Michael McColly

Michael McColly

Writer, Teacher

Michael is the author of The After-Death Room (Soft Skull Press), which is a blend of reportage and memoir that chronicles his travels through parts of Asia, Africa and America reporting on AIDS activism. In the process of his intense travels and reporting, he wrote travel pieces, essays, and journalism that have appeared in the New York Times, Chicago Tribune, Ascent, In These Times, Salon, The Sun, and other literary journals.

After being invited to many colleges and community organizations to give talks about AIDS activism and his reporting, he developed with photographer Tuong Nguyen a performance with slides based on their reporting together on AIDS in Vietnam. Later they also produced a documentary film based on AIDS in Vietnam, and Southeast Asia, which was shown at the International AIDS Conference in Toronto in 2006.For his creative work and reporting, he has received several fellowships at MacDowell, Yaddo, Blue Mountain Center, and Ragdale. For the After-Death Room, he won a Lambda Award, for best spiritual memoir, in 2007.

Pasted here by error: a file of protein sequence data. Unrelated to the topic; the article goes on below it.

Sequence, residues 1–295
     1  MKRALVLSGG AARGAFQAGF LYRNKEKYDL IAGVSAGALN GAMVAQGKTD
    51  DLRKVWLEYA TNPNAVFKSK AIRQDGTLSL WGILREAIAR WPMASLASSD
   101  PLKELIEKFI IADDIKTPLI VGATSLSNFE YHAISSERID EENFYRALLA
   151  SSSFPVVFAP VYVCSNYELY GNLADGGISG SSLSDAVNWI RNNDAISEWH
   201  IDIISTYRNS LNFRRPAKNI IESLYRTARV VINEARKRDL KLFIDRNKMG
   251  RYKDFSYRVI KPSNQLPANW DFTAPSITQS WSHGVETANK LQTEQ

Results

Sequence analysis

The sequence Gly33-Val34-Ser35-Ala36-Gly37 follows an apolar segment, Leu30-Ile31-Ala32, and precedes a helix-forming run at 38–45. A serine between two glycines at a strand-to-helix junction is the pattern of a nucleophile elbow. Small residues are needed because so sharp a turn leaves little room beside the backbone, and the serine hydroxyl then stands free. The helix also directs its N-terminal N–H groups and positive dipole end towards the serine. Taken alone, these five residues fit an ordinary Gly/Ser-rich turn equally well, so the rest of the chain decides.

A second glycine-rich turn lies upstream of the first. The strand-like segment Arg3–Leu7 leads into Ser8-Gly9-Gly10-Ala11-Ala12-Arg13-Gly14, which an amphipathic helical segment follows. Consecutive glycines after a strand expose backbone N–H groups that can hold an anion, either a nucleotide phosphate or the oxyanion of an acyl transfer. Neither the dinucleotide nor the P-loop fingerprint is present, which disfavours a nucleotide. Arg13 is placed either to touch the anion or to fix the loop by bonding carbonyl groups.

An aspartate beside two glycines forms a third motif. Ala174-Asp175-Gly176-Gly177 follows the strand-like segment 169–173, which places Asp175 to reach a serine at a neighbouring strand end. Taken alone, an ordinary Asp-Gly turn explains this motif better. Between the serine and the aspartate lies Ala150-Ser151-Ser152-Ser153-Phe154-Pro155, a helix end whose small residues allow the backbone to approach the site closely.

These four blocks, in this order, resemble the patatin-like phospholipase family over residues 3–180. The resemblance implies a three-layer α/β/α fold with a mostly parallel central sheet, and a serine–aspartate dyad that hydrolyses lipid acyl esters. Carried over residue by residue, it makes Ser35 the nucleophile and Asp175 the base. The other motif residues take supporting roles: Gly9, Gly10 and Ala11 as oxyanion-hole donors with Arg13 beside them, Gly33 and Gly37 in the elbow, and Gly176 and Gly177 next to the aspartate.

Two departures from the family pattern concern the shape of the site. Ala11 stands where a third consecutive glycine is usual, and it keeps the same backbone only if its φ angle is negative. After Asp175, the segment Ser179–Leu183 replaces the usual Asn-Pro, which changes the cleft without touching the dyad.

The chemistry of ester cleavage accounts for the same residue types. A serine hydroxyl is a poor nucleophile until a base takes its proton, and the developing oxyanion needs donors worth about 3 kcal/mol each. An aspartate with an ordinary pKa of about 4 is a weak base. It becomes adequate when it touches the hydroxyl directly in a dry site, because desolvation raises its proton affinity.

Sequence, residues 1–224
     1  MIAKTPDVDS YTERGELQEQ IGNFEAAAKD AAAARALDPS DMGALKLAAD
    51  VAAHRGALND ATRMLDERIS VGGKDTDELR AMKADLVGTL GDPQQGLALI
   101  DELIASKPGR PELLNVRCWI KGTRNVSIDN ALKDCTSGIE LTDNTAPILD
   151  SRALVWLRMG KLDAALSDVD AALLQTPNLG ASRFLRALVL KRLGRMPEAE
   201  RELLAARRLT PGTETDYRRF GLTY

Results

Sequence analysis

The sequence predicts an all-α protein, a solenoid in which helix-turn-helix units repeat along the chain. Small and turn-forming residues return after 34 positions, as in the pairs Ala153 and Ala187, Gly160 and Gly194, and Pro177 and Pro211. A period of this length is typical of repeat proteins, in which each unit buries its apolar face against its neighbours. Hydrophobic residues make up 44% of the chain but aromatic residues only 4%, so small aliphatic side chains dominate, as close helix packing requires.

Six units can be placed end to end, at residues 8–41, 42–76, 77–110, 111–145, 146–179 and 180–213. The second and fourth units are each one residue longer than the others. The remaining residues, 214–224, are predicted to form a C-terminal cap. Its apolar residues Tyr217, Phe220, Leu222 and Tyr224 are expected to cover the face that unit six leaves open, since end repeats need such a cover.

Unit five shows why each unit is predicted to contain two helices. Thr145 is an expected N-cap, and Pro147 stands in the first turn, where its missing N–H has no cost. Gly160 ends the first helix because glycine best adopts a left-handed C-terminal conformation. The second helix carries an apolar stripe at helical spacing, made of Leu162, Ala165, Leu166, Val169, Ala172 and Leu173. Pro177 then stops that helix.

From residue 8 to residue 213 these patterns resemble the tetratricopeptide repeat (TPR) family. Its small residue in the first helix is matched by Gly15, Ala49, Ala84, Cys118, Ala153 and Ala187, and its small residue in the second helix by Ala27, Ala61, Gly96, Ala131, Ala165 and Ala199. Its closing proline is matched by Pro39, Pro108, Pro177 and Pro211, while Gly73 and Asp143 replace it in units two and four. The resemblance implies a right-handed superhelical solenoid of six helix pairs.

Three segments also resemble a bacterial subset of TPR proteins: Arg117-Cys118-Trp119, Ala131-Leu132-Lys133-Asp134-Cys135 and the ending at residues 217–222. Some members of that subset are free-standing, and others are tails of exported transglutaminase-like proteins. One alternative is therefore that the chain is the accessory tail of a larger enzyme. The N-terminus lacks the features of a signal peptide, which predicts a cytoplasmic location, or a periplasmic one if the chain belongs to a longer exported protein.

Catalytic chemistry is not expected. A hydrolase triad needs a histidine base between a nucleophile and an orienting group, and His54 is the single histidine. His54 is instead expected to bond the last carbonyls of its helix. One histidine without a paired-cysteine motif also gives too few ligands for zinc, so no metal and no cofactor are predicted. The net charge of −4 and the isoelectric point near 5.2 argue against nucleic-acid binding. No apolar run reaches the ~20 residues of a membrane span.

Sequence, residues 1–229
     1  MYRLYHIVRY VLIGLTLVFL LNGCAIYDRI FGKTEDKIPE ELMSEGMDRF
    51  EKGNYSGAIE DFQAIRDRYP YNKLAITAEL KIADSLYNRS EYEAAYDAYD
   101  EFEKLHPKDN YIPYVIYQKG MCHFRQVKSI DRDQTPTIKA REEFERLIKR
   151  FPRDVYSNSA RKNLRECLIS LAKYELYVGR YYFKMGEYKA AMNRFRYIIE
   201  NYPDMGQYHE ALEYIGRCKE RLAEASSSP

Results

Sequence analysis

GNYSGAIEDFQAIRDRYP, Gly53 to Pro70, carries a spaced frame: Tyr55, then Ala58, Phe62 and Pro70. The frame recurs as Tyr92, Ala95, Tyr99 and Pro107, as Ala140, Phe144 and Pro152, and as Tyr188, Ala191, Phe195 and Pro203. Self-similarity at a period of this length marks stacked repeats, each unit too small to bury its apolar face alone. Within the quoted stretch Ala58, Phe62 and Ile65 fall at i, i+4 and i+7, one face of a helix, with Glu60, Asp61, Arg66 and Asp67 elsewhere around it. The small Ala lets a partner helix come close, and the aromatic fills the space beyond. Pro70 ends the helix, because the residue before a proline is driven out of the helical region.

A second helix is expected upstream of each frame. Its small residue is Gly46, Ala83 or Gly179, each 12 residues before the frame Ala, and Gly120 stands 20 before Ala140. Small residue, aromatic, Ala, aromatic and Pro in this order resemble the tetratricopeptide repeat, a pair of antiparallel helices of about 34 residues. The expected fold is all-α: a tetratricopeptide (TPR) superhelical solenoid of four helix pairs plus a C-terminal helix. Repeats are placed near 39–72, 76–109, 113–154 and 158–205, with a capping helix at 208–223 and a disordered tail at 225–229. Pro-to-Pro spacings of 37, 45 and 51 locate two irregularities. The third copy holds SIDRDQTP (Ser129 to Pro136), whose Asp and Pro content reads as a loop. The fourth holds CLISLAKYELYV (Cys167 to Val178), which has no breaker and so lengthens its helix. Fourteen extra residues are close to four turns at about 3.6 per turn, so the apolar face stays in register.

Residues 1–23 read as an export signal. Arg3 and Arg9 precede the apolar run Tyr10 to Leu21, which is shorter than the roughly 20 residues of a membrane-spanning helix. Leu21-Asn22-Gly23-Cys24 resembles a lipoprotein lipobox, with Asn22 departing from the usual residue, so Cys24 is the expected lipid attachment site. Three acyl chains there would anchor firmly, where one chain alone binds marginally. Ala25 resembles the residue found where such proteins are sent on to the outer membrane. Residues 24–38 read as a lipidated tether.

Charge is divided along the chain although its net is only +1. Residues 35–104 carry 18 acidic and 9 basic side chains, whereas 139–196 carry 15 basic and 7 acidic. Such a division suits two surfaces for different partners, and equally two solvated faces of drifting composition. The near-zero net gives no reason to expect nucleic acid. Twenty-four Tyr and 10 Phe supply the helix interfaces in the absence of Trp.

For over ten years, he has also taught Hatha yoga and meditation, offering workshops both in Chicago and in various parts of the world to communities affected by HIV and AIDS as well as for writers, creative writing students, therapists, teachers and the incarcerated.

He teaches creative nonfiction, journalism, and literature at Columbia College (Chicago) and Northwestern University, where he also is a lecturer in the MFA program in Creative Writing. His current work explores the affect of walking/hiking on our awareness of the independency of human and public health to that of the health of the landscapes we inhabit. In his current blend of memoir and reportage, he reflects on a simple walk he took from his own apartment in Chicago’s northern-most neighborhood, through urban parks and industrial Indiana to reach one of the National Park Service’s most heavily used parks, the Indiana Dunes National Lakeshore. In this walk, he advocates for the benefits of walking but also the importance of access for people to urban parks like the Dunes that can bridge landscapes and communities, while offering people in cities of all classes refuge, recreation and environmental education. He writes a blog about walking and its public health benefits www.foot patterns.blogpsot.com.


Articles in Minding Nature:

City Creatures Blog Posts:

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